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Article: Strain analysis of maxillary complete denture with three-dimensional finite element method
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TitleStrain analysis of maxillary complete denture with three-dimensional finite element method
 
AuthorsCheng, YY
Cheung, WL1
Chow, TW1
 
Issue Date2010
 
PublisherMosby, Inc. The Journal's web site is located at http://www.elsevier.com/locate/prosdent
 
CitationJournal Of Prosthetic Dentistry, 2010, v. 103 n. 5, p. 309-318 [How to Cite?]
DOI: http://dx.doi.org/10.1016/S0022-3913(10)60064-9
 
AbstractStatement of problem: The fracture of maxillary complete dentures has been reported as the most common prosthesis failure. Purpose: The purpose of this study was to evaluate strain distribution in dentures during application of occlusal load with 3-dimensional (3-D) finite element analysis (FEA). Material and methods: A maxillary complete denture was converted into a 3-D numerical model by an advanced topometric sensor digitizer (ATOS). The denture surfaces were scanned with fringes. Ten measurements were made for each scan of the denture in top, left, right, back, and front orientations by tilting the scanning table. The individual scans were merged by the digitizing software into a single image. A haptic device with a freeform system (PHANTOM) was used to create the mucosa in contact with the intaglio surface of the denture model. Supporting bone was then constructed from the mucosa model. The posterior teeth were loaded with an occlusal force of 230 N, and the basal bone was constrained for performing FEA. Results: The highest tensile and compressive strains were found at the incisal and labial frenal notches, respectively. Strains on the intaglio surface of the denture were primarily compressive. The buccal flange exhibited tensile strains in the horizontal direction but compressive strains in the vertical direction. The labial flange showed compressive strains in both directions. The posterior border of the denture flexed away from the mucosa during occlusal loading. Conclusions: Three-dimensional FEA provided different views of strain distribution in the denture and indicated that denture failure was unlikely to occur at the shallow labial frenal notch because the strain is compressive. The high tensile strain concentration at the incisal notch is likely to be the cause of denture fracture during clinical service. © 2010 The Editorial Council of the Journal of Prosthetic Dentistry.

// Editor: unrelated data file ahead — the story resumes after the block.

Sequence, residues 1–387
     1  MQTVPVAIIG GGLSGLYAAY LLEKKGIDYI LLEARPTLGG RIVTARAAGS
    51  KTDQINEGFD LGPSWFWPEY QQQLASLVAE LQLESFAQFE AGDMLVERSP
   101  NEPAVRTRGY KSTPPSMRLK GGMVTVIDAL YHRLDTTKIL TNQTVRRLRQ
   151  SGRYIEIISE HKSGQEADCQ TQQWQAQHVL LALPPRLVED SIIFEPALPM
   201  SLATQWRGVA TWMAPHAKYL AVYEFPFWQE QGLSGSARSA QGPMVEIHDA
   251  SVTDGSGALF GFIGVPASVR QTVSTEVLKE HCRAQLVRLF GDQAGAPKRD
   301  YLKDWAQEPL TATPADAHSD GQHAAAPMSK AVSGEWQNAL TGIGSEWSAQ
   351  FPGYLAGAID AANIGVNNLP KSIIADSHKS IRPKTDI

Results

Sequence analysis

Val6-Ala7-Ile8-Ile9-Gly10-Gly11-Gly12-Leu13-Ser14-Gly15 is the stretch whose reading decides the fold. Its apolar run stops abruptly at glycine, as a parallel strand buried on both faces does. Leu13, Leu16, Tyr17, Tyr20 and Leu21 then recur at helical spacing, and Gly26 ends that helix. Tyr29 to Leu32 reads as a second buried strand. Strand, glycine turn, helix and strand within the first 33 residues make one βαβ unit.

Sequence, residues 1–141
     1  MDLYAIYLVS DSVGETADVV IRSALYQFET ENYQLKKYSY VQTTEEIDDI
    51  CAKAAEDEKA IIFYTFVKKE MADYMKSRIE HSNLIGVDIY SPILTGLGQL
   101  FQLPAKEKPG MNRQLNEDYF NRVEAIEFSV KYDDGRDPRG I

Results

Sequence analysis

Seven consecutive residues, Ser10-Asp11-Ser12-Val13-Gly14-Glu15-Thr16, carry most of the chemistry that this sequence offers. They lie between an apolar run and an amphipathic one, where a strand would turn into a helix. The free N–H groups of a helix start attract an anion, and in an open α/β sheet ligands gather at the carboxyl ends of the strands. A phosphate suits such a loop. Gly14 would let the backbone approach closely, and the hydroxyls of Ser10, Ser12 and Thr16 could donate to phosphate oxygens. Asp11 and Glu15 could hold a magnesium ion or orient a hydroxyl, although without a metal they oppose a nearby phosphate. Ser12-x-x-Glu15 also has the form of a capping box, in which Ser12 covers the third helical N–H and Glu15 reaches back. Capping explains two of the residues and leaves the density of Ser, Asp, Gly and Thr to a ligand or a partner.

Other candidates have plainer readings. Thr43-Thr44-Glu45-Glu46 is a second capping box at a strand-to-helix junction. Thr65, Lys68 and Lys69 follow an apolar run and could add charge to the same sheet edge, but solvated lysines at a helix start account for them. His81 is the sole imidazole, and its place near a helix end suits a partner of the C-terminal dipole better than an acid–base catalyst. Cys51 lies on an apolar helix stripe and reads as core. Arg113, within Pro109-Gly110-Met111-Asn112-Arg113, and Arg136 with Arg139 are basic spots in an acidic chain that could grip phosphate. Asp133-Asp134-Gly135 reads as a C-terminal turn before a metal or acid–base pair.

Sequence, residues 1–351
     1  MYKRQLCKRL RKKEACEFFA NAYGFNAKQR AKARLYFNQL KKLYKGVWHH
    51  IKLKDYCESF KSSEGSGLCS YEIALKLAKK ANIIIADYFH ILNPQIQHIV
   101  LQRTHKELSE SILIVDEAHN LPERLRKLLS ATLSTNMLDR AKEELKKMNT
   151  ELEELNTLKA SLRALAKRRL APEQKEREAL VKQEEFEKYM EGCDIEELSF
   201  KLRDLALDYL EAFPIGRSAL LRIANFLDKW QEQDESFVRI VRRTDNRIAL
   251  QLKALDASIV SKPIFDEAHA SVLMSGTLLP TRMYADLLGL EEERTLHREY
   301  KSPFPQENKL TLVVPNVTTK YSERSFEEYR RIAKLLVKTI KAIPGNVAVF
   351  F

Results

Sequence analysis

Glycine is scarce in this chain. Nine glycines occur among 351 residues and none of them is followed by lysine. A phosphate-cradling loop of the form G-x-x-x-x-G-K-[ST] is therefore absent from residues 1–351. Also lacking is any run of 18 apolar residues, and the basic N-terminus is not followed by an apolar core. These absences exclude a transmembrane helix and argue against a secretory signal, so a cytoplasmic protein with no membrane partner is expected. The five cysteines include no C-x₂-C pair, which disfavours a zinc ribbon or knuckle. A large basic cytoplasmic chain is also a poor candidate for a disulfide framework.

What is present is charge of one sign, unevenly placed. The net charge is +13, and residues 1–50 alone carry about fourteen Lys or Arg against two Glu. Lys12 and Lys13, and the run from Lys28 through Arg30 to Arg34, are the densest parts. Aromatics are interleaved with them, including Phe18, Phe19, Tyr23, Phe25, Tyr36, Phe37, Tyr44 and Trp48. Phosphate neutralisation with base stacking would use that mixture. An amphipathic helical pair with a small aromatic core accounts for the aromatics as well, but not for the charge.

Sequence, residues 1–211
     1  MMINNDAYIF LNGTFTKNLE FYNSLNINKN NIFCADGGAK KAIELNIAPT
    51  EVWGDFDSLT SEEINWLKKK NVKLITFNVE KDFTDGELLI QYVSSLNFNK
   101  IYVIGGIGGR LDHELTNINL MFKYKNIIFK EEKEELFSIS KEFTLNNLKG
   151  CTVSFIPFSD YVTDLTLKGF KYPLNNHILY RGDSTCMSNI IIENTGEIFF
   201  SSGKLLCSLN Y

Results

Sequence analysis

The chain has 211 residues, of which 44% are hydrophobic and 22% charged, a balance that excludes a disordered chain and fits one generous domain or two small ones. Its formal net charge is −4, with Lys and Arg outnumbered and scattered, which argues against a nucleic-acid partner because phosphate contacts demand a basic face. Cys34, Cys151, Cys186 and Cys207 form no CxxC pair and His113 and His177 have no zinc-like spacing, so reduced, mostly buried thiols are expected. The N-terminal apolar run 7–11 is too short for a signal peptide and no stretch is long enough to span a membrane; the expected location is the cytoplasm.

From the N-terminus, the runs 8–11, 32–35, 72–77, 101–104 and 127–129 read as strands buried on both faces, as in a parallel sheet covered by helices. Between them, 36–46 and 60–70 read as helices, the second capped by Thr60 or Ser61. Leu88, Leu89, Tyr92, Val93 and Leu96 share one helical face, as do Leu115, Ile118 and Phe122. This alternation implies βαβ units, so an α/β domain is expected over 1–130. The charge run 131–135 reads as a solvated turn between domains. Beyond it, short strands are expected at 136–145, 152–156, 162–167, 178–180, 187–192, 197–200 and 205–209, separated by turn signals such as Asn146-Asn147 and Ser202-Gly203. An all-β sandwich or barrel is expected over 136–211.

ISSN0022-3913
2013 Impact Factor: 1.419
 
DOIhttp://dx.doi.org/10.1016/S0022-3913(10)60064-9
 
ISI Accession Number IDWOS:000278528700009
 
ReferencesReferences in Scopus
 
DC FieldValue
dc.contributor.authorCheng, YY
 
dc.contributor.authorCheung, WL
 
dc.contributor.authorChow, TW
 
dc.date.accessioned2011-06-17T09:20:06Z
 
dc.date.available2011-06-17T09:20:06Z
 
dc.date.issued2010